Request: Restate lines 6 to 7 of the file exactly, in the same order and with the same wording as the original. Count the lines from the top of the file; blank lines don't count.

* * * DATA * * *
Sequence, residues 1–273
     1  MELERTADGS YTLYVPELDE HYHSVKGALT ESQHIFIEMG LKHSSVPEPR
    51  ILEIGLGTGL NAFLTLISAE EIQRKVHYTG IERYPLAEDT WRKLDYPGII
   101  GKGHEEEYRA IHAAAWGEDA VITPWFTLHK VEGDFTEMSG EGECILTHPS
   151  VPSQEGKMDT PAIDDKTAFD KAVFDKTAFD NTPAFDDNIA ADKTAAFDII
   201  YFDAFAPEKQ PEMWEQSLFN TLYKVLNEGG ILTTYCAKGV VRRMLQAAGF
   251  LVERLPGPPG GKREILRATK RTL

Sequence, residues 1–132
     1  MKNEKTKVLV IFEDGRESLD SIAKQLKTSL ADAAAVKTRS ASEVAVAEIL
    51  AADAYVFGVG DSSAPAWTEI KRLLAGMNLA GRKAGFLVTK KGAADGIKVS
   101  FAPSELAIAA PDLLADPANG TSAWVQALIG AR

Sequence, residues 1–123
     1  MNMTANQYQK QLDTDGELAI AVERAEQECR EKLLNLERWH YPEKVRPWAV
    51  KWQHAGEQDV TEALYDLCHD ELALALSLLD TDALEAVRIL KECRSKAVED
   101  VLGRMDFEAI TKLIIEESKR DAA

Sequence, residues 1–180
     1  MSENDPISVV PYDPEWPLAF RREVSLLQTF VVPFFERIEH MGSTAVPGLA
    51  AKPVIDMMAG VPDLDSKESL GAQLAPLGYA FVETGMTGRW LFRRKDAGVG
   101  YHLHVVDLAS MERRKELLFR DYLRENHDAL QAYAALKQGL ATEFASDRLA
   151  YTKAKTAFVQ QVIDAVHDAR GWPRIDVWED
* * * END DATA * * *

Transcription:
   201  YFDAFAPEKQ PEMWEQSLFN TLYKVLNEGG ILTTYCAKGV VRRMLQAAGF
   251  LVERLPGPPG GKREILRATK RTL